Product Led Growth Won’t Save Your Startup

Your product led growth probably won’t be the catalyst that jumpstarts your startup growth engine, and in fact may be leading you down the wrong path. Let me explain.

I’ve been talking to a ton of founders lately, and especially since the economic downturn started kicking in this year founders are confused on what to do about their marketing budgets. I’m seeing a lot of budget slashing, and a lot of changes being made rapidly to what would be the startup’s normal customer acquisition model.

For some this means that paid acquisition is turned off, and some companies are even giving up on channels that maybe working fairly well for them right now – like cold outreach, or their organic social plan, which is likely an unwise move.

Why is this happening? Because some of us in the product led growth space are feeding these founders wrong or mid-guided information about growth. Specifically, I’m seeing a lot of advice saying to spend more time focusing on product led growth, which these founders are interpreting as “build more features and your growth challenges will be solved.”

This thinking kills startups.

This study from CB Insights points out many of the reasons why startups fail. Not a lot of these reasons are directly related to the actual product.

This is an old one but a good one from Paul Graham…notice the themes above.

Finally, the stats from Startup Genome point directly to the fact that over building and scaling too quickly is a key risk in startup failure.

I had one conversation a couple weeks back with a startup that’s raised a good amount of capital and their growth was looking very, very good up until a few months ago. I asked the founder, “What happened when you started to flatline your growth? There’s just no new growth anymore.” And after looking at a whole bunch of different things (we looked at pricing, we looked at emails, we looked at conversion rates), what we realized was that when they stopped doing demo driven sales, the conversion rate between their leads and customer dropped.

And in fact, they’ve made less revenue off of the leads coming in, and have closed a smaller percentage of the leads that have come in via strictly product led channels. Why is this? This is actually very, very common. When you’re early stage, you may not have the perfect persona defined. And you may not have the perfect messaging with the right benefit statements that the user feels aligned with. And the product value that is needed to educate the buyer without talking to a human may just not be there yet. Now, you could make the argument that maybe this company should have just invested more in an informational educational onboarding sequence and just provide better onboarding through the product.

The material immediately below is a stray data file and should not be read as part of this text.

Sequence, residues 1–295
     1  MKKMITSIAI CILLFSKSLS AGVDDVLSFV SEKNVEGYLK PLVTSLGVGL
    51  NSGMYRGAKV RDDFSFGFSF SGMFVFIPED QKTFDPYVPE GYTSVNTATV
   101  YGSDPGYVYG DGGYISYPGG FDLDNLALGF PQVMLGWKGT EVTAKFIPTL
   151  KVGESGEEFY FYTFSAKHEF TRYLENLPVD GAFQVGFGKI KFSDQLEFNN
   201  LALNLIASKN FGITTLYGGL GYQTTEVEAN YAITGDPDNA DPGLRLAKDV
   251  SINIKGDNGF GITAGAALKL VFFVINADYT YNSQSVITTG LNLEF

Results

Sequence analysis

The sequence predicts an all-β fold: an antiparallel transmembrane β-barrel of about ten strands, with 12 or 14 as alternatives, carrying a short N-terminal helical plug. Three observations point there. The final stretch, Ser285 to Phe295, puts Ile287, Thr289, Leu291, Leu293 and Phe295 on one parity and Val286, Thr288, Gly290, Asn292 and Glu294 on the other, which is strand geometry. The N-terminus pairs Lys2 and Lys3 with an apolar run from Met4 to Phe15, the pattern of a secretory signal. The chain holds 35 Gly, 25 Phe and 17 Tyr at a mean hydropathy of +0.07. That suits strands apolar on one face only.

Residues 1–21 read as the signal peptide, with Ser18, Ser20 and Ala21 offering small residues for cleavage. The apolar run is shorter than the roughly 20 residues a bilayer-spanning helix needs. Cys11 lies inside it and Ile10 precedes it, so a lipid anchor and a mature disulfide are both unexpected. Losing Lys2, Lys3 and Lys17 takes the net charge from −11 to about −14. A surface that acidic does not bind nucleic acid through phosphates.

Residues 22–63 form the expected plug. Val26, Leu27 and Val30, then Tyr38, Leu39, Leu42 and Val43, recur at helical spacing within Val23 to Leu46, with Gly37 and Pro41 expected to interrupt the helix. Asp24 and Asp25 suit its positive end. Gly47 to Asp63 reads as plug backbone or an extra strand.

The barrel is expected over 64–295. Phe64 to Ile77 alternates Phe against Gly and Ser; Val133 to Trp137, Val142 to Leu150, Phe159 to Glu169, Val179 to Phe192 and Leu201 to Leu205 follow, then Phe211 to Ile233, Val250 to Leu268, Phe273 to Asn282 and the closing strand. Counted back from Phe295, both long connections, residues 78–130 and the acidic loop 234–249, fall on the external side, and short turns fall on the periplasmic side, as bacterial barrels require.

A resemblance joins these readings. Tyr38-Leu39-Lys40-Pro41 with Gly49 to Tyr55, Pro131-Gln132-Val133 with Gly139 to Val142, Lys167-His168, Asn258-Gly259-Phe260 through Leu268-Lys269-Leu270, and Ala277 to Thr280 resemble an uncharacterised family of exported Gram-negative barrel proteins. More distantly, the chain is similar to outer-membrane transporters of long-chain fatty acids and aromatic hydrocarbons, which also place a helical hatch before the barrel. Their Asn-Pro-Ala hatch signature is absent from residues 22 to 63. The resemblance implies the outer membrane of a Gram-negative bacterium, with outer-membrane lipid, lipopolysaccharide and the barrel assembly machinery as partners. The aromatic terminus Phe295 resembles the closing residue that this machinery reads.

But the problem is they don’t have enough insight from the customer yet to know how that should even work. So they’re in this spot where they’re trying to be product led but they don’t have the messaging down yet to really influence the product strategy that’s supposed to be converting these users in the first place.

And so my recommendation here was to reverse this, to actually turn off the automation around letting people create accounts for free and put up a wall and actually have a human have a conversation with the lead, so that the education process can happen and that the lead can understand the complexities and nuances of this product that they’re potentially interested in buying.

Here’s the other part where product led growth could lead you astray: It’s when you have a product that is more geared towards a bigger decision that the stakeholder has to make, where there’s more context needed and more education needed for them to feel comfortable pulling out their credit card. And so in that situation you’ll likely want to build a free plan where you provide as much value under that free plan as possible, and then use the product for distribution to get additional users in. Maybe you feature gate your product led growth efforts to enable the product to grow itself. Counterintuitive but likely viable.

But there’s no shortcut here. Product led growth is not going to fix a messaging problem or an acquisition problem. And, in fact, it could be hiding issues that you could more quickly uncover by having somebody on your team (who is a human) talk to another human about during the sales process.

I wanted to use this example because I’m seeing this over and over and over again, where it seems like a lot of founders and marketers in the market are pulling back on the things that are working exactly at the time where they should be doubling down on their growth efforts.

And they think that the product and the feature set that the product brings because it supports some level of virality is going to solve their growth problems – and it’s just not true 99% of the time. And so just be mindful how you think about how you’re going to grow your startup. And if you’re exclusively thinking at a product led approach, be mindful of the trade off that happens when you start to no longer communicate one-on-one with a human on the other end that’s the buyer. If you miss that, you’re going to build the wrong thing, you’re going to have the wrong messaging. And then when you try to go turn on marketing again, you may not have learned the lessons on the messaging side that you’re going to need to actually run really successful acquisition.

Share the Post:

Related Posts